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Monday, April 13, 2015

Unicorn Day Finally Happened

I went to a spa with two great friends yesterday.

I'm just going to let that sentence hang there for a moment, because it deserves some time and space to be absorbed.

I basically spent an entire Sunday without doing anything for anyone but me. The event is so rare and mystical that it can only be described as a Unicorn Day. And it was wonderful.

Years ago, when Hannah was maybe one or two, my mother-in-law invited my sister-in-law and I to a lovely spa in Norwich, CT, and we enjoyed a day there together. For my birthday last fall, Marc got me a gift card to go back there, and fortunately, it's still the same oasis of calm it was about a decade ago. It's a 90 minute drive from Boston, and I actually did all of the driving, which is huge for me. I didn't even mind that. It was an easy trip, and we chatted the entire way. We actually didn't stop talking for almost the entire day, except for the hour we spent apart getting our treatments.

I had a fabulous massage. We used the hot tub and sauna. We drank cold beverages on the patio. We had a lovely lunch, followed later by hot apple cider and scones. Our only regret was not scheduling more treatments or even staying overnight; once we were there, we definitely wanted more.

I only checked my phone once, very briefly. I didn't even text to say I was on my way back. (Though we watched Hillary's campaign announcement from the car because we couldn't postpone that historic moment.) When I got home, I was relaxed enough to ignore the waiting housework. Now you know that's truly remarkable for me.

We were already planning our next visit before we even left. The only problem with that? I won't be able to call it a Unicorn Day if it happens more often.

It's a risk I'm willing to take.

Sunday, April 5, 2015

I Can See Clear(-ish) Now (Most of the Time)

It's been just over a week since I had LASIK surgery to correct the vision in both of my eyes. I hate writing about things while I'm still going through them, and I very much feel like I'm still going through it right now.

The most important thing you should know is that I can, indeed, see. In fact, I could see immediately after the surgery while still in the room with the surgeon. I believe I gleefully told him that he had a face. I'm sure he knew this already, but to me, it was a face I couldn't see when I was led into the room without my glasses. It was a face I most definitely could not have seen under what I would have considered to be normal circumstances, meaning my contacts or glasses for the past thirty years or so.

Thirty years is a really long time. Deciding to get LASIK wasn't that difficult, as the options available to me weren't so great. I got glasses when I was in third grade, but I never felt that I could see all that well, even in the huge glasses we wore that were considered in style at the time. I got contacts before my junior year of high school, and was immediately in love. My vision was much better, and it was totally worth the pink eye I'd get in college. Um, yea. But I grew up some and started taking better care of my eyes, could afford even better contacts, and the pink eye stopped. I had a few good years before the corneal ulcers then began, first in December 2013 and then again and again this past fall. An eye doctor's off-hand, "you should just get LASIK" has basically changed my life.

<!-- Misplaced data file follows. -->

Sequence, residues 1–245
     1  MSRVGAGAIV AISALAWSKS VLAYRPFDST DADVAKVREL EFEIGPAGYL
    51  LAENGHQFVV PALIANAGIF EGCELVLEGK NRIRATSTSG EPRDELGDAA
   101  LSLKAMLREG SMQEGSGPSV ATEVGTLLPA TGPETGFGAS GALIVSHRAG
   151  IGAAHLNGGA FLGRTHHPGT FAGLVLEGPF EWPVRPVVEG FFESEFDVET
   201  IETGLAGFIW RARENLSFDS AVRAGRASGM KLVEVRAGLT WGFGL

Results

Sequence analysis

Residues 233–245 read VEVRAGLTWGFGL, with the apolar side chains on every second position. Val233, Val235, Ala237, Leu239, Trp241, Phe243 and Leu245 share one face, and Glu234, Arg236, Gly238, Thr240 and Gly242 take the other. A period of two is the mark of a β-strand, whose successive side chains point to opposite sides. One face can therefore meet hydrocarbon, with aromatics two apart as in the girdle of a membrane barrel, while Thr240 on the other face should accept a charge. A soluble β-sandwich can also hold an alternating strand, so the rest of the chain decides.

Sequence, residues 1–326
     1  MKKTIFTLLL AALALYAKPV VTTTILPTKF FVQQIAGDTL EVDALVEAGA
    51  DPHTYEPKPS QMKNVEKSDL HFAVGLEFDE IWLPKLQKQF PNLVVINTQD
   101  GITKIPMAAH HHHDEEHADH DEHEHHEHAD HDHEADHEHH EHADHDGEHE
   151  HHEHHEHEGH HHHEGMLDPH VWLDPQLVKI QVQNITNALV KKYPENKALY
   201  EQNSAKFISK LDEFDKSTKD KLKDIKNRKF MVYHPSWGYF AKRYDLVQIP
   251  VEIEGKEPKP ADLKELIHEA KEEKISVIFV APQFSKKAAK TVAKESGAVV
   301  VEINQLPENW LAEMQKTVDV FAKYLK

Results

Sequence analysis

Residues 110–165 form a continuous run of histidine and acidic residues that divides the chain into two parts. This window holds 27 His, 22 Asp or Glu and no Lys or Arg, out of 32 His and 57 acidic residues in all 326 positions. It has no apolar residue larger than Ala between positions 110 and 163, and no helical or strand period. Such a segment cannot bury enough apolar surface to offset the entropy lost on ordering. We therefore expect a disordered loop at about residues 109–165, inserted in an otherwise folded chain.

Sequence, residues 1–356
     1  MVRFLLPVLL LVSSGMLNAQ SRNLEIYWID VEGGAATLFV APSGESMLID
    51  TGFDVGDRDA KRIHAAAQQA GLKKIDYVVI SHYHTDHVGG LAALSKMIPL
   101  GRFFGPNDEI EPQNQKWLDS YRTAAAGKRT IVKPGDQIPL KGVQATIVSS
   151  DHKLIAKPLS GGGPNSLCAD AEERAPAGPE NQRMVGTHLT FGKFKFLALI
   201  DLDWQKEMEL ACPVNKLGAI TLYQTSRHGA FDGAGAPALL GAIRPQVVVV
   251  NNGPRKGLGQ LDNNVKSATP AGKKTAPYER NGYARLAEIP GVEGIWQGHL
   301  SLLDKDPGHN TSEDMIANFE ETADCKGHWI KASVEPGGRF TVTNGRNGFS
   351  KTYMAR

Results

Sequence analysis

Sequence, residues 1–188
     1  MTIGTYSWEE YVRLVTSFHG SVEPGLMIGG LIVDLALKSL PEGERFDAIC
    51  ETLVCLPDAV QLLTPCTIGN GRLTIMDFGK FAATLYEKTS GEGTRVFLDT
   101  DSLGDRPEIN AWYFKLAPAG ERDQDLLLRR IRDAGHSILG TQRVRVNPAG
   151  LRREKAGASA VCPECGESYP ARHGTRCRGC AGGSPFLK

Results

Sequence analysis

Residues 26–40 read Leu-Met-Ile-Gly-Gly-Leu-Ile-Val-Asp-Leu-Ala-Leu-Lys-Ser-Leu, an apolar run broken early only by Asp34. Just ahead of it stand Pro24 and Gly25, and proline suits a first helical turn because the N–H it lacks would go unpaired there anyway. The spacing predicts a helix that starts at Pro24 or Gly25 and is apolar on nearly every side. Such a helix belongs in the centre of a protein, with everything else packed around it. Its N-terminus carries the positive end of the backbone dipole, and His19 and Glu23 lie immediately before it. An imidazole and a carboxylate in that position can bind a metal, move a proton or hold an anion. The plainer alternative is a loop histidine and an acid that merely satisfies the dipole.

We've had so much going on this winter that I didn't have much time to fret over the surgery until the week before. On the last night of wearing my contacts, we happened to all go to the mall, and the kids got new jackets. I found myself walking a few steps behind, staring at them, trying to memorize the image. I kept trying to do that several times over the next few days. I lived under a cloud of anxiety the week before the surgery, not daring to actually say out loud, "what if I can't see again?" But I thought about it a lot.

The surgery itself took only about half an hour, and I was given a sedative. I'm super claustrophobic, and I knew that the hardest part for me was just how close everything was going to be on my face. It wasn't fun. I'm not sure I breathed very often, because I was so scared to move. I was given a stuffed animal to hold in one of my hands, and I'm not sure how I didn't damage it. I could feel my arms shaking. But the doctor was great, talking to me the entire time, telling me how well I was doing. I didn't like it, but I got through it.

And then I could see. Mostly.

It's still a bit blurry on the edges. My eyes have felt tired all week. My follow up appointment showed that my eyes are still swollen and dry from all of the medications I used to prevent infection, so I've been working hard to use eye drops often. But I can see, without glasses or contacts, and it's really amazing.

I may need reading glasses down the road, as many adults do, and LASIK can't correct for that. But I'm hoping to enjoy at least a few years of the relative freedom of not needing vision correction: not worrying if I lose a contact in the middle of the day (or on the lazy river ride), or if I packed my glasses on an overnight trip, or squinting to try to see the alarm clock in the middle of the night. It's pretty awesome.

I'm still healing, but I think the only hard part that remains is that I need to get my driver's license altered. I don't need vision correction any longer!